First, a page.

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By Renee Maltezou
ATHENS (Reuters) - Trains ground to a halt and hospitals worked with emergency staff as Greek workers went on strike on Tuesday in protest at government plans to fire thousands of public sector employees.
Athens must reform and shrink its civil service to receive more bailout funds from foreign lenders but the latest plan of job cuts has sparked uproar among Greeks struggling with an unemployment rate of nearly 27 percent.
More than a week of marches by municipal workers are expected to culminate in a rally before parliament in the capital, with garbage collectors, bus drivers, bank employees and journalists among the groups joining the walkout.
"We are continuing our fight to put an end to policies that annihilate workers and drive the economy to an even greater recession," said the private sector union GSEE, which called the strike with public sector union ADEDY.
"We will stand up to those who, with wrong and dead-end choices, have driven the Greek people to poverty and despair."
Flights to and from Athens will be disrupted as civil aviation unions stage a four-hour work stoppage in solidarity.
City transport was also affected with bus and trolley bus drives holding work stoppages in the morning and in the evening. Trains stopped running and tax offices and municipal services remain shut.
Representing about 2.5 million workers, the two unions have brought workers to the streets repeatedly since Greece slid into a debt crisis in late 2009.
The latest strike comes before a parliamentary vote on Wednesday on reforms Athens agreed with its European Union and International Monetary Fund lenders as a condition for 6.8 billion euros ($8.9 billion) in aid.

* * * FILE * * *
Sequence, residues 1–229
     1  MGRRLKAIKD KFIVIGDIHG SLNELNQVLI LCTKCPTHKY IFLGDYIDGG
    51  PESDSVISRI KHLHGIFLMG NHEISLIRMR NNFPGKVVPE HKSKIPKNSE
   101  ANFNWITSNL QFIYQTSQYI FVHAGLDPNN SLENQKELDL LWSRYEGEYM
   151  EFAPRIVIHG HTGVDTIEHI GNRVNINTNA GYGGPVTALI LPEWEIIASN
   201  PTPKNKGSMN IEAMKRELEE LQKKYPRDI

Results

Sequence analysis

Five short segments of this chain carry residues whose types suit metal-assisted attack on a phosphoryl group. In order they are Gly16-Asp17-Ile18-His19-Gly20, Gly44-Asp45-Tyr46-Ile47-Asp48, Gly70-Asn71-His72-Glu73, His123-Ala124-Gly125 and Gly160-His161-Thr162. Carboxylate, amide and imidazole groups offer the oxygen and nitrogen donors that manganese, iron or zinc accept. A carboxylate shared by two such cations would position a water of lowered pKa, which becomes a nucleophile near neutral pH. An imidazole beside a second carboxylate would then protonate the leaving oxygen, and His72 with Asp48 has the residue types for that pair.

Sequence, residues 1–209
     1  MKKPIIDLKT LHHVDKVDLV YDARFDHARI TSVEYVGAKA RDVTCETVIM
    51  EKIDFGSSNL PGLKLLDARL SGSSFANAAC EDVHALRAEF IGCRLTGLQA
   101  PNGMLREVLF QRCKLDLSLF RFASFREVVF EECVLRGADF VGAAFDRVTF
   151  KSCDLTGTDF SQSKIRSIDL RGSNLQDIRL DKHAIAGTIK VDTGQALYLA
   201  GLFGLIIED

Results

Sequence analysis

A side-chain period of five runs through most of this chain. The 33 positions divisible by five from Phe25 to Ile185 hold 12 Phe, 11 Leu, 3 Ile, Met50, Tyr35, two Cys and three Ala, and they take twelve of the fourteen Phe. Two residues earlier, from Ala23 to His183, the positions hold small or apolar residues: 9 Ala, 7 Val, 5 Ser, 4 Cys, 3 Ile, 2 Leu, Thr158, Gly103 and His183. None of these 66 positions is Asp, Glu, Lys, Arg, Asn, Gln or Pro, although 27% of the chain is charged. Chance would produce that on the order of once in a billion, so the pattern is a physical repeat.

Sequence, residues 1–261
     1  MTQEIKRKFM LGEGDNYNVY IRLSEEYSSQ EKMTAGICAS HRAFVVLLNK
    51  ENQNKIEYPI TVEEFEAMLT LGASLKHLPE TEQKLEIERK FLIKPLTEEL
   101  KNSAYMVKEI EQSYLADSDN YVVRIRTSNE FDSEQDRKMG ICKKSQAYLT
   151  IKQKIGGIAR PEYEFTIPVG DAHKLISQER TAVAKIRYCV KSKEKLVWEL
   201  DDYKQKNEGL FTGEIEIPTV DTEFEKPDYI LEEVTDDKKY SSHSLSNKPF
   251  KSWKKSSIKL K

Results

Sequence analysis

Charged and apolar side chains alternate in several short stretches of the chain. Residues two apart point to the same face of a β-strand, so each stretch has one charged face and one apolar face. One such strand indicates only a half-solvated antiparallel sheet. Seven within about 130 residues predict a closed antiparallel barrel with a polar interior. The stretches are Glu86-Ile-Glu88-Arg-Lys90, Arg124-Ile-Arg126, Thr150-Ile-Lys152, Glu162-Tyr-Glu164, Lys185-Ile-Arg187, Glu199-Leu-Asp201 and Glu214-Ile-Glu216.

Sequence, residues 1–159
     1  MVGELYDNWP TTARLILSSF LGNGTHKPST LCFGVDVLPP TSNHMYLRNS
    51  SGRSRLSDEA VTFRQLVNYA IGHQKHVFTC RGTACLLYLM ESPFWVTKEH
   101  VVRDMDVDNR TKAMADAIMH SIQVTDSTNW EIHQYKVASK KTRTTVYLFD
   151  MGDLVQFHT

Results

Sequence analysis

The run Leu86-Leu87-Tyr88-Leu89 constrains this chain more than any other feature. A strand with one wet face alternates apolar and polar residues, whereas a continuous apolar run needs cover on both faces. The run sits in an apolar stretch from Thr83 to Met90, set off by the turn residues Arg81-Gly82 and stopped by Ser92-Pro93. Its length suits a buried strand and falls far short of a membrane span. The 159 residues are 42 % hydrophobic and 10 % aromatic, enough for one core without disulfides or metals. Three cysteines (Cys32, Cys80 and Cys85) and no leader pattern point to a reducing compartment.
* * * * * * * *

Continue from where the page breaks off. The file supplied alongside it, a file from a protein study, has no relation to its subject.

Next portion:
Among the measures included in the bill are job cuts for teachers, municipal police and local government posts.
DEMOLITION OF RIGHTS
On Thursday, German Finance Minister Wolfgang Schaeuble will visit Athens, which is also expected to draw protests from Greeks who blame European paymaster Germany for austerity policies that have shrunk pay levels and boosted unemployment.
Greece's lenders, which have bailed it out twice with 240 billion euros in aid, have grown impatient with the slow progress it has made in streamlining a 600,000-strong public sector widely seen as corrupt and inefficient.
But with unemployment at an all-time high and at twice the euro zone average, many Greeks are furious at plans to put 12,500 workers into a "mobility pool" by September, giving them eight months to find work in another department or get fired.
Some 25,000 workers will be placed in the scheme by the end of the year.
The plan has turned into the latest headache for Prime Minister Antonis Samaras's fragile coalition government, which nearly collapsed last month after he abruptly shut the state broadcaster ERT and fired its 2,600 staff.
ADEDY accused Samaras of using the "coup-like" closure of ERT to pave the way for mass firings in the public sector.
"The policy of mass layoffs, the dismantling of public institutions responsible and the demolition of any notion of labor rights inaugurate a new undemocratic governance of the country," the union said. ($1 = 0.7664 euros)
(Writing by Karolina Tagaris, editing by Deepa Babington and Elizabeth Piper)